How does a retailer's refurbishment process differ from the manufacturer's?
When you buy a refurbished Apple product, you could get it from one of two places: a retailer such as Mac of All Trades or Gazelle, or the manufacturer; Apple itself.
A refurbished product is one that has been owned (bought by someone) or pre-used (as a display item for instance), and has been refurbished to work—and sometimes even look—as good as new.
What are the differences in a retailer's refurbishment process and the manufacturer's refurbishment process?
Well, as far as we know, there are no major differences. The following steps are followed:
- Testing of hardware and software
- Troubleshooting of any faulty part
- Repair or replacement of any faulty part
- Full product testing again
A refurbished product, whether sold by its manufacturer or by a professional refurbisher/retailer, will be in perfect functional condition. The differences between a retailer refurb and a manufacturer refurb are related to three points:
- An Apple Store refurb comes in its official packaging and includes any extra accessory usually included with a new product (e.g. earphones that come with iPhones). A retailer refurb does not come in the official Apple packaging.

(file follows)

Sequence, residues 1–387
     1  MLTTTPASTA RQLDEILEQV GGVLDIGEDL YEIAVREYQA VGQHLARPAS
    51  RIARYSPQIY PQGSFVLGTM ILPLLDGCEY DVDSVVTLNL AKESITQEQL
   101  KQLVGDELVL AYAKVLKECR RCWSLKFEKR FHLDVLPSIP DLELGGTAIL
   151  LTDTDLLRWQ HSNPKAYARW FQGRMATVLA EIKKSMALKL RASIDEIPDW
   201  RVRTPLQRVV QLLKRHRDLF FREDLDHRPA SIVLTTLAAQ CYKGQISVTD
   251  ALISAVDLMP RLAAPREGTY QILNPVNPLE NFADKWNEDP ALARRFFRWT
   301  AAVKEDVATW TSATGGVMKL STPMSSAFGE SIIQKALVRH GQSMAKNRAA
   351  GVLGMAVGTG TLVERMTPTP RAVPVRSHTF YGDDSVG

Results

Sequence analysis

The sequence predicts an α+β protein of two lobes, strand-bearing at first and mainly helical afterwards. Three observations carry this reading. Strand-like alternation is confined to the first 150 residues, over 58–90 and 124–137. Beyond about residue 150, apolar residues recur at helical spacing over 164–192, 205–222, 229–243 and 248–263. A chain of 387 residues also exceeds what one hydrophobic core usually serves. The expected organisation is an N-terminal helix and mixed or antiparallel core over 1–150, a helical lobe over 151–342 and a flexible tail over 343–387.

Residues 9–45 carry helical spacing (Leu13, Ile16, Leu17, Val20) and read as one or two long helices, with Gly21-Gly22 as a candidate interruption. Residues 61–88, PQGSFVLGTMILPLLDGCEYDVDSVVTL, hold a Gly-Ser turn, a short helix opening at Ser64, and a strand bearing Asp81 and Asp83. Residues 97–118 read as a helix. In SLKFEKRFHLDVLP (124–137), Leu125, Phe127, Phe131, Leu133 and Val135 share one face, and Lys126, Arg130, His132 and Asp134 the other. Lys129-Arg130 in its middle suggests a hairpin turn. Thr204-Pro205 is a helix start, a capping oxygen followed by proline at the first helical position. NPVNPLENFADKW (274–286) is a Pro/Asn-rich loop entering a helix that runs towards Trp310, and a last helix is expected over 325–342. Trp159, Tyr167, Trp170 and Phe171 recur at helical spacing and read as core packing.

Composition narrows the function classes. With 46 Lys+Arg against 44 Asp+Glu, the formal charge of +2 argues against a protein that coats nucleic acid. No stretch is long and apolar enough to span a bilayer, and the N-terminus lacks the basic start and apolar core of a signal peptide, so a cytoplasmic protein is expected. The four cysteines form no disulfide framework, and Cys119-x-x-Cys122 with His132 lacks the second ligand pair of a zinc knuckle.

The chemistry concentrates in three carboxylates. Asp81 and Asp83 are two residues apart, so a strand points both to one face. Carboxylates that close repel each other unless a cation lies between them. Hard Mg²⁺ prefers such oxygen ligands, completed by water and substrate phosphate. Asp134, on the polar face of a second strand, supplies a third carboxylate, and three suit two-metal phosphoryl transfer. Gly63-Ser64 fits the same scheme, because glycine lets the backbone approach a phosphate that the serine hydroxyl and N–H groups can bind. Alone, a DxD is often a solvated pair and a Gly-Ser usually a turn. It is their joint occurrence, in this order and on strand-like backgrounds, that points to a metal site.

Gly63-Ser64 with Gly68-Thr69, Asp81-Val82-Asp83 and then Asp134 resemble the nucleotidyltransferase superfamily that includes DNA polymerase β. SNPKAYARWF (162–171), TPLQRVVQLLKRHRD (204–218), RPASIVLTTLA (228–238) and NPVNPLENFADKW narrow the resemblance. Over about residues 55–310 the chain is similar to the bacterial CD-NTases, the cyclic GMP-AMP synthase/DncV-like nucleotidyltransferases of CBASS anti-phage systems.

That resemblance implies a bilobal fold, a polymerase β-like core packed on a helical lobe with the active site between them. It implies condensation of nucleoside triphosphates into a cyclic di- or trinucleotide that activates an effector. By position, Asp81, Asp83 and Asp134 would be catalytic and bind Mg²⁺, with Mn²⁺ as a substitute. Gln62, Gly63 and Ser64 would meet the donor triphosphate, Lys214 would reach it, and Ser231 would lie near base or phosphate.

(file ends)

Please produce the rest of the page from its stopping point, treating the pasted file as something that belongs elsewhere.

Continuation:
- An Apple Store refurb is always in excellent cosmetic condition. Retailer refurbs can be in excellent cosmetic condition too, but retailers also sell products which show signs of previous use, so-called grade B and grade C products. They work just as well but are cheaper because of the scratches they may have.
- You can purchase an AppleCare warranty extension only when you buy a refurbished product from Apple. However, lots of retailers also offer a warranty extension option. But you will need to go through them and not Apple should you want to use your warranty policy.